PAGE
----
You referred us to the definition of public resource from the PFM Act, 2016 (Act 921), page 68: We have spoken about sponsorship in Exhibit 2 that the Ministry says MEF raised a sponsorship. If that is true, where does it fall within this definition?
Mr Chairman, as I am very sure you know as an Hon Member of Parliament, when an Act is passed, there is a Regulation to give the meat and details of the Act. That was why I referred to the Financial Administration Regulations that expatiates the Act. I referred to 16 of the Regulation which explains in detail that anything that the Ministry does -- with your permission, I would read section 16 B: “Internally Generated Funds are nontax revenue that are generated through activities of the Department”. I strongly think that this is something they have collected through their activities.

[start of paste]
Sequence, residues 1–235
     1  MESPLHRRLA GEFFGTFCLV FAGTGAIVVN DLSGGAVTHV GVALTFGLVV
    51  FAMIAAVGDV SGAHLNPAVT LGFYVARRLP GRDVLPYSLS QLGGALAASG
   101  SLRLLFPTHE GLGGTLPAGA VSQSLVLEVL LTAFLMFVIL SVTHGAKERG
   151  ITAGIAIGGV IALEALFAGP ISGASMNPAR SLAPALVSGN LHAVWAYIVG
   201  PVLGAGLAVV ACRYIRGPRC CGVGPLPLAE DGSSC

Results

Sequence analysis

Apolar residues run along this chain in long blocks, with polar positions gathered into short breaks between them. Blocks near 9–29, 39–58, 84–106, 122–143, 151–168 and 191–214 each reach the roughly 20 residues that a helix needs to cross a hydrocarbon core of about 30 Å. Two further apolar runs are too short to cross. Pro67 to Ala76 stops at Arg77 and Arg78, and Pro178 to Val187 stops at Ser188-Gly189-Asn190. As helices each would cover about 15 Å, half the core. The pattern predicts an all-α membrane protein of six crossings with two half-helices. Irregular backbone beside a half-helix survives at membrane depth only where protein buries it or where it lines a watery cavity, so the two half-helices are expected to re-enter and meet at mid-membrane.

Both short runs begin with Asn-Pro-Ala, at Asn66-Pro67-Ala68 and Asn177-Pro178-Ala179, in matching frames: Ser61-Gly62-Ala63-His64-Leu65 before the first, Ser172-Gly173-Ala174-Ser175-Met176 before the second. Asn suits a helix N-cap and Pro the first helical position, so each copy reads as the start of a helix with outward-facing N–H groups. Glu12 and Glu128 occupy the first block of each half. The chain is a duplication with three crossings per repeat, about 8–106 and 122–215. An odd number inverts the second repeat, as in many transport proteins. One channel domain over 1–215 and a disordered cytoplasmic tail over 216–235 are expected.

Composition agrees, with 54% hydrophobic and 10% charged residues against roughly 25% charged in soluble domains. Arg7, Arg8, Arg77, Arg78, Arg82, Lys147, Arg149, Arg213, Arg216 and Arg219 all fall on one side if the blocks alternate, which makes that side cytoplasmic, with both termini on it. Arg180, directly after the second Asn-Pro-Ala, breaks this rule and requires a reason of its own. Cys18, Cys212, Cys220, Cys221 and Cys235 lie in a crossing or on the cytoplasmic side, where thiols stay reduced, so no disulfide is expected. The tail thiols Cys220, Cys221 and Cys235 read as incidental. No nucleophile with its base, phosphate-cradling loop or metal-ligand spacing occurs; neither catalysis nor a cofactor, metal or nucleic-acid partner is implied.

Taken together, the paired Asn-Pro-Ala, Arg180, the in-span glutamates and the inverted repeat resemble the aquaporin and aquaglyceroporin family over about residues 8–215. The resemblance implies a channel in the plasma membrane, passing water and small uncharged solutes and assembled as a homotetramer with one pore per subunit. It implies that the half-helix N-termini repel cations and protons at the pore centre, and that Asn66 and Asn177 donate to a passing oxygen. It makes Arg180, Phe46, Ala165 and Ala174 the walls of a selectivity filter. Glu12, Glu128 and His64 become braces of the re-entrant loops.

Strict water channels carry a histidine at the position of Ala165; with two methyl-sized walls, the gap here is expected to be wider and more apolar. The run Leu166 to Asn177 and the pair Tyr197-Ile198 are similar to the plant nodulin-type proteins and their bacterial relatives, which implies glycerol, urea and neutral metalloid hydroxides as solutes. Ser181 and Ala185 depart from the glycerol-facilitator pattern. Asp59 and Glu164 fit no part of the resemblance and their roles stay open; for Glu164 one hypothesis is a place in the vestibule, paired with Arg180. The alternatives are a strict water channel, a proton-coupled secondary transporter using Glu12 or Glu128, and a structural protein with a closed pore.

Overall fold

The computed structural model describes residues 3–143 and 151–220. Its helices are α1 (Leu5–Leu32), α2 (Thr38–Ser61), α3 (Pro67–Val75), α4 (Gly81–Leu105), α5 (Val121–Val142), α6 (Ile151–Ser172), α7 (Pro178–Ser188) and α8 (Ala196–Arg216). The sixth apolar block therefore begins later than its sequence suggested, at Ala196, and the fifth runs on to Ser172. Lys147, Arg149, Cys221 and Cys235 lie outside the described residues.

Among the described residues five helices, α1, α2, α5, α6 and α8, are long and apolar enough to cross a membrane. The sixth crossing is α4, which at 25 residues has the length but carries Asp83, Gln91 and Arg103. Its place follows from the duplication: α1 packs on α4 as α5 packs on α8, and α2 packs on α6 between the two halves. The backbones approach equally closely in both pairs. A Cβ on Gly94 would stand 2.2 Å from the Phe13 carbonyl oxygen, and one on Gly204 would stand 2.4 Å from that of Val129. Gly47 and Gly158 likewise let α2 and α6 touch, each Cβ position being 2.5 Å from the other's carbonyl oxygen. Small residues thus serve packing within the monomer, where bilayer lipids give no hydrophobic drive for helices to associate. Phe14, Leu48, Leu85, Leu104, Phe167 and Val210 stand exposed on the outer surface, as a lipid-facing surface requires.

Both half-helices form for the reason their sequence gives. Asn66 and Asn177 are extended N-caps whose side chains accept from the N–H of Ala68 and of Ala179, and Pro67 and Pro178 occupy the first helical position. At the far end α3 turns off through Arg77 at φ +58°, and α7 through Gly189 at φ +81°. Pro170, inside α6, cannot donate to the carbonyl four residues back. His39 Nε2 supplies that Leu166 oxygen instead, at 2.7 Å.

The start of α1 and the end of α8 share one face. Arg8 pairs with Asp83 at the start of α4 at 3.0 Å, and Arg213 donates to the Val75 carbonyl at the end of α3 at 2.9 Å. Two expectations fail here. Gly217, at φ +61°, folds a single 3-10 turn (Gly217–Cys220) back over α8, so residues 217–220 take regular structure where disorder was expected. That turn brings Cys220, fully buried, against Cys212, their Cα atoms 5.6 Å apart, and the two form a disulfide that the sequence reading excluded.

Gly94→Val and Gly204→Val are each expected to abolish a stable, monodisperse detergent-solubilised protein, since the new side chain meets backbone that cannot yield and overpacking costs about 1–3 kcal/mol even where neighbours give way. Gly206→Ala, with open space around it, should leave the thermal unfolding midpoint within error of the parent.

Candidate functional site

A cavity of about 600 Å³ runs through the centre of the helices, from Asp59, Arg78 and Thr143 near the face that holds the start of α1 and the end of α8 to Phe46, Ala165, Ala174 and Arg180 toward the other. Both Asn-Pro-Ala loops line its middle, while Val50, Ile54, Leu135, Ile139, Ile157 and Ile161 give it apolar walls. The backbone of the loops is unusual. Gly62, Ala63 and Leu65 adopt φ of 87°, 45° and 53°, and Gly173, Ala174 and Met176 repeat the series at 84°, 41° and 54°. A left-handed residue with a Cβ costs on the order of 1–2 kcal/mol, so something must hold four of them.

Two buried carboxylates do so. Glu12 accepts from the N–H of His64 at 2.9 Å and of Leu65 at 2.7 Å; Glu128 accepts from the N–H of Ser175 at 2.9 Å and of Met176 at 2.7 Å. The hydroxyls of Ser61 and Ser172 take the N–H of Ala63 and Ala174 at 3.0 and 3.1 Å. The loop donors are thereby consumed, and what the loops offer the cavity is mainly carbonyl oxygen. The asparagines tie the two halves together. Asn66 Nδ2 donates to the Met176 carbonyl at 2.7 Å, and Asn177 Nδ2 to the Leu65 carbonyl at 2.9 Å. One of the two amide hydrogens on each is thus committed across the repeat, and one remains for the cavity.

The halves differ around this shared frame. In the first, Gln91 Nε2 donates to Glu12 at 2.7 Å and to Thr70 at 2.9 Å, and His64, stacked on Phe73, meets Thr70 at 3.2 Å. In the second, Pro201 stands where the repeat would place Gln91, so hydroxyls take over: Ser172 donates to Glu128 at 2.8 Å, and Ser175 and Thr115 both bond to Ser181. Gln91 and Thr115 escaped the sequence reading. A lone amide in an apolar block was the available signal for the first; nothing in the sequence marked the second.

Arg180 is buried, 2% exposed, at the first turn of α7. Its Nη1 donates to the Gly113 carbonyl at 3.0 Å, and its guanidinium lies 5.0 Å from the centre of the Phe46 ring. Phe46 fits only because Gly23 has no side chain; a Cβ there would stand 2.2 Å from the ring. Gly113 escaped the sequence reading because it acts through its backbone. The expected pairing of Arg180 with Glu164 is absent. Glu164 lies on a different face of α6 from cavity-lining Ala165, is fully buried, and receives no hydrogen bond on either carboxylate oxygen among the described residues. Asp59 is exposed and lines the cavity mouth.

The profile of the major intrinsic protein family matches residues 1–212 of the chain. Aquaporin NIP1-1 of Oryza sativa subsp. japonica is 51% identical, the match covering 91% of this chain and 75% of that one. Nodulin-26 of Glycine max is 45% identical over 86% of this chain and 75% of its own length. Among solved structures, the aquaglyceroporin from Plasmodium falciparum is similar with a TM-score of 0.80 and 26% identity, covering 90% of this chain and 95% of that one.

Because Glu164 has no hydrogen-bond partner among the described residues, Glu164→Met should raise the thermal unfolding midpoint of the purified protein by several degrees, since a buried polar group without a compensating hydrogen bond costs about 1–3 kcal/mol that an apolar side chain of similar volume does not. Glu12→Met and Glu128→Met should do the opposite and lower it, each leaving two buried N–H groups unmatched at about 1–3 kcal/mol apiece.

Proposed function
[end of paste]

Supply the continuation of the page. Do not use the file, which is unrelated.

Hon Muntaka, help us to proceed. I said that the claim -- so far, it is a claim -- by the Ministry was that, MEF raised money through sponsorship. If that were the case, which of the public resource items listed would cover that?
Mr Chairman, if you use the interpretation as on page 68 of the Act, we have “receivables”. If we use section 16 of the Financial Adminis- tration Regulation, it talks about the activities of the Department…” On the other hand, when asked to point to any of the revenue items to which the contributions to GEBA related, Mr Okudjeto Ablakwa (CW2) categorically stated that they were “donations”. It is instructive to note that the MoU between MoTI and MEF in clause 1.4 states “that the MEF will solicit all funds to host GEBA prize from inception to hosting of the event and that all the funds will be lodged in a MoTI account until after the event is completed.” The funds solicited by MEF were to fund the organisation and hosting of GEBA and so cannot be monies arising from the normal activities of the Ministry